Comment: Chronic inflammation is known to be associated with increased episodes of heart attacks and with such autoimmune disorders as diabetes, lupus, rheumatoid arthritis and multiple sclerosis among others. One way to fight such inflammation is through nutrition – and specifically, as researchers from the University of Bonn and the ETH Zurich have discovered, by including oregano in our diets.
According to a study conducted by the Swiss researchers, oregano is the “ultimate inflammation fighter” thanks to its active ingredient betacaryophyllin (E-BCP). The researchers experimented on mice by administering them with E-BCP. They found that E-BCP helped 7 out of every 10 mice recover from inflamed paws. “Our results have revealed that E-BCP inhibits inflammation,” says Professor Dr. Andreas Zimmer from the Life & Brain-Zentrum in Bonn. And adds, Dr. Jurg Gertsch of the ETH Zurich, “We used E-BCP to treat mice with paws swollen due to inflammations. In up to 70 percent of cases, the swelling subsequently subsided.” Although not part of the formal study, the researchers speculated that E-BCP could address inflammation of the bowel associated with Crohn’s disease. The experiments also showed that E-BCP is effective in staving off bone degeneration associated with osteoporosis. The study findings were published in the U.S. in the Proceedings of National Academy of Sciences.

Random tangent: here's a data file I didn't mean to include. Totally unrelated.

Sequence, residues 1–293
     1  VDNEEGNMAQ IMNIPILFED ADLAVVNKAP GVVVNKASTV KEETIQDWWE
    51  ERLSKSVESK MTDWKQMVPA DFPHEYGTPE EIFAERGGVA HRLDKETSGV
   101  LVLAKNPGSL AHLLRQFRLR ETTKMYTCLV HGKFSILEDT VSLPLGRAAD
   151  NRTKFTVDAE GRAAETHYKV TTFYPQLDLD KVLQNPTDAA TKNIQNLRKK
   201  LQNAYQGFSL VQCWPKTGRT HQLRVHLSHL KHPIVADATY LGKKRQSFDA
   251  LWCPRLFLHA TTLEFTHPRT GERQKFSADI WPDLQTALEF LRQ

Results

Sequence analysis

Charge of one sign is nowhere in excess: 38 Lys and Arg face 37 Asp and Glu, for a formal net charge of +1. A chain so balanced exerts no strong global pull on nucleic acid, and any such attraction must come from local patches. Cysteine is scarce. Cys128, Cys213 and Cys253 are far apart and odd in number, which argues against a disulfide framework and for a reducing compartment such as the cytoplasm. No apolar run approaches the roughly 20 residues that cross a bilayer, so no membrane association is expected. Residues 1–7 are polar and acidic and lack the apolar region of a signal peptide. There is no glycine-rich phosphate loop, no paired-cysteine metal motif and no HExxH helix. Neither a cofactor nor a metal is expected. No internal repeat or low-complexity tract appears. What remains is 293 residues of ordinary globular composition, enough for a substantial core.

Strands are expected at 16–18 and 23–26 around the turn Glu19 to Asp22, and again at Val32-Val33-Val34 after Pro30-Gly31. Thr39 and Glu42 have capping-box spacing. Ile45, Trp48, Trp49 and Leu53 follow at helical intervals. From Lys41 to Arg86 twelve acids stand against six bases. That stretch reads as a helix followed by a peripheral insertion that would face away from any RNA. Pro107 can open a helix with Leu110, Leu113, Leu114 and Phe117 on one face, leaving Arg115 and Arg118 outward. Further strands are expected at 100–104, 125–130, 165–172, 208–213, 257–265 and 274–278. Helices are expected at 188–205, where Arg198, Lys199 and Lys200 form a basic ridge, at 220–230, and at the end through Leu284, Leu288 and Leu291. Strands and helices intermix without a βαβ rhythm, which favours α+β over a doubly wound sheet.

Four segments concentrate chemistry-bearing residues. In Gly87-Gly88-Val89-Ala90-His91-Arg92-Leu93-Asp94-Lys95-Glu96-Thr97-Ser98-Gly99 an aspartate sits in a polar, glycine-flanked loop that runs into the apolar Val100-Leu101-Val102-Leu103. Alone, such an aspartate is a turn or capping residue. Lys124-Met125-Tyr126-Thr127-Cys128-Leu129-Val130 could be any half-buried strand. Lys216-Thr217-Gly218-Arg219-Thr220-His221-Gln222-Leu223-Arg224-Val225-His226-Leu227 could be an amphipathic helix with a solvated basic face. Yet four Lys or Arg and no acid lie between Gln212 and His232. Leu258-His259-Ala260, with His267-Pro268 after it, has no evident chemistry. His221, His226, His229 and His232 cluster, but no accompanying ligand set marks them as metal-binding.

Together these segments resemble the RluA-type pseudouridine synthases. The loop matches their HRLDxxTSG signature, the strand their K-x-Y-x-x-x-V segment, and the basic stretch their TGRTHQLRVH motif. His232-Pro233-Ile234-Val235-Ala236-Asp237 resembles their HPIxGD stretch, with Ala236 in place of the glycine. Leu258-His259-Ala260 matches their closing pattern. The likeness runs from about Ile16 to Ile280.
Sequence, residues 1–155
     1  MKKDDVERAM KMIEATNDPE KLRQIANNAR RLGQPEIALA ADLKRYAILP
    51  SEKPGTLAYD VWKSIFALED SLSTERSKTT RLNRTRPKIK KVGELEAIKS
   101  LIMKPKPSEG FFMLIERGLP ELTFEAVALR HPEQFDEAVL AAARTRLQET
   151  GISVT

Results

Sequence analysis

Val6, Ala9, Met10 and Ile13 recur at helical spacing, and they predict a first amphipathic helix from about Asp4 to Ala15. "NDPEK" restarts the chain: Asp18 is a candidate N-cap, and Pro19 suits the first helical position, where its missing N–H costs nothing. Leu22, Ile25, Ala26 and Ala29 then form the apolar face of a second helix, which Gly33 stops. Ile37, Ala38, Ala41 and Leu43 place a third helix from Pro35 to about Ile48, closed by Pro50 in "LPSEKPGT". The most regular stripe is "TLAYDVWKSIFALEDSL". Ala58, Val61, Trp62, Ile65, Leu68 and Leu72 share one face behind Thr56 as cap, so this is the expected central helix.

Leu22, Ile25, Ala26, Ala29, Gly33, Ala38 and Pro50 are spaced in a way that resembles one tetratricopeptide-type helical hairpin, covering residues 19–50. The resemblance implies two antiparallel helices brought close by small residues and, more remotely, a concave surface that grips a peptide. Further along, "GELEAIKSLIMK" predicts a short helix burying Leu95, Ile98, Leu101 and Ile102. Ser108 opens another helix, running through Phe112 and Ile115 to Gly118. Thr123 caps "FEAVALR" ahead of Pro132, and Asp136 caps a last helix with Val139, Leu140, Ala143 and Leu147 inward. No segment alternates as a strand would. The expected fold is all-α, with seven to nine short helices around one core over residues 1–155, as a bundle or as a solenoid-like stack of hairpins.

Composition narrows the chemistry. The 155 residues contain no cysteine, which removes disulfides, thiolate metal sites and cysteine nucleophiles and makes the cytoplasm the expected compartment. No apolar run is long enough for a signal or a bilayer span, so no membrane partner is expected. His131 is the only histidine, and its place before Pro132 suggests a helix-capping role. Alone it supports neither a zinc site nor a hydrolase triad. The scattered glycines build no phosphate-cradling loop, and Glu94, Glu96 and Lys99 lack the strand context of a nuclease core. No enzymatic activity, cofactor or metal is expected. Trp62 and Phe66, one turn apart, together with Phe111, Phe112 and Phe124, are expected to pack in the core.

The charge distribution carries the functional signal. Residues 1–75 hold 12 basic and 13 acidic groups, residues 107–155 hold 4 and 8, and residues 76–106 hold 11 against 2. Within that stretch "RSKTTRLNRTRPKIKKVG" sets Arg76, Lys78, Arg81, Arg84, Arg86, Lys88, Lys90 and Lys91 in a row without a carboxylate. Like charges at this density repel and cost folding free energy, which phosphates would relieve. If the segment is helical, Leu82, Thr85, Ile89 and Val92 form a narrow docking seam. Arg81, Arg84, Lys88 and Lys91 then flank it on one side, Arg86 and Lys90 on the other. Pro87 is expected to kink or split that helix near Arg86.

E-BCP is also known to be present in many other spices and herbs, such as basil, rosemary, cinnamon and black pepper. As a result, the Swiss research findings may be of particular interest to pharmacological researchers since E-BCP is commonly found in so many foods.
Other studies have found that oregano also contains the powerful antifungal agents, phytochemicals thymol and carvacrol. And oregano oil has a strong antibacterial action against a range of bugs including those responsible for E.coli, salmonella and the common cold
Gertsch J, Leonti M, Raduner S, Racz I, Chen JZ, Xie XQ, Altmann KH, Karsak M, Beta-caryophyllene is a dietary cannabinoid. Zimmer A.Proc Natl Acad Sci U S A. 2008 Jul 1;105(26):9099-104. Epub 2008 Jun 23. View Abstract View Full Paper